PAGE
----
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Are games art?  Yes, definitely.

However, I think there is really an implied question, "Can games be fine art?"

There is really a desire for games to be taken as seriously as other entertainment mediums which have works of fine art.  Can video games ever be elevated to the level of Shakespeare's "Hamlet" or Michelangelo's "David"?  In order to answer this question there first needs to be some kind of reasonable definition for "fine art".

So, I'm going to try to give a fairly reasonable definition.  I think that it needs to include skill and creativity.  Not only is "skill" one possible synonym for "art", but we also have the idea that art is different from science.  Quality science is predictable and repeatable.  If a second group of scientists repeats the experiment of a first group, then they should get similar results if both are performing quality science.  On the other hand, art cannot be easily repeated.  Most people cannot paint like Da Vinci, and on top of that art becomes boring when someone tries to repeat what someone else has done.  For fine art, we expect a level of both skill and originality.

However, skill and creativity are not enough.  A chef can skillfully and creatively make a delicious meal, and while we can consider this chef a master of "culinary arts", few would call this sort of thing "fine art".  Fine art has at least one other quality.  What is it?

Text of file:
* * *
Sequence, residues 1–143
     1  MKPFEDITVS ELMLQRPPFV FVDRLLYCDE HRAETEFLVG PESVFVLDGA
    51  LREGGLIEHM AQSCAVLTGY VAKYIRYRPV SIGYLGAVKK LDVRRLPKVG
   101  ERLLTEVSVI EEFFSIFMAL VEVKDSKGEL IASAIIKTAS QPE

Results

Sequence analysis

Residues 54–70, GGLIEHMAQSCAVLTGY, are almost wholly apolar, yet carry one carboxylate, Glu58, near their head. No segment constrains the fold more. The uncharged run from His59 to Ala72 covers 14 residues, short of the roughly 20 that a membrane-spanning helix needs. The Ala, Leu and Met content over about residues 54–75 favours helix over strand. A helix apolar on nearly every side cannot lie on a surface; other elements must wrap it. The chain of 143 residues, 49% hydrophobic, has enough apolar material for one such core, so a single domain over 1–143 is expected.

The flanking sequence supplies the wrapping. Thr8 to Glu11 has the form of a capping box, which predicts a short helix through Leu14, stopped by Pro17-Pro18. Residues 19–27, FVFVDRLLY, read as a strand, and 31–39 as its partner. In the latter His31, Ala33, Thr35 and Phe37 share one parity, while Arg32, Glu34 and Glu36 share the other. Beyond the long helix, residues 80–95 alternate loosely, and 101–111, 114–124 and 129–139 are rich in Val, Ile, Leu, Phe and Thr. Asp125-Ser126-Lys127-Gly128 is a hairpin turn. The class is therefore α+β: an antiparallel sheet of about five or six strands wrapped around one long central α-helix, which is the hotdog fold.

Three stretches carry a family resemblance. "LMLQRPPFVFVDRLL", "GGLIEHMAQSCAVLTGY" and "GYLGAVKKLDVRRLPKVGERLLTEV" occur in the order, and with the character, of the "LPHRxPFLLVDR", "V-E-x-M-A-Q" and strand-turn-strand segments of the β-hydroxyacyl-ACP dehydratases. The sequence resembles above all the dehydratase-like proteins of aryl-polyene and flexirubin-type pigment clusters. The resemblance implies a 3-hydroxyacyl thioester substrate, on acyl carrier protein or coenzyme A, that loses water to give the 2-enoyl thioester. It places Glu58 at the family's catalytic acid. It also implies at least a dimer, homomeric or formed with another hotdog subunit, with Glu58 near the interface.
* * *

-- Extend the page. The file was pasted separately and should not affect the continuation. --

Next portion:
Does fine art have a narrative?  It can, but it doesn't need to.  "Moonlight Sonata" does not have any concrete narrative, but it is widely considered fine art because of the emotions it evokes.

Does fine art evoke emotion?  I think this is even more common in fine art than a narrative, however there are plenty of visual arts, like the "Mona Lisa" which do not particularly evoke strong emotions.  The Mona Lisa (and many works of visual art) are simply interesting to look at.

However there is something that "Hamlet" and "Moonlight Sonata" and the "Mona Lisa" all have in common.  They endure.  They stand the test of time.  There are a significant amount of people who still enjoy these works even centuries later.  Perhaps with games, we will not be so strict to require centuries of time (the medium is not old enough).  However, for this definition we are looking for, I am still going to incorporate this general idea.  Fine art endures.

So here is my definition of fine art: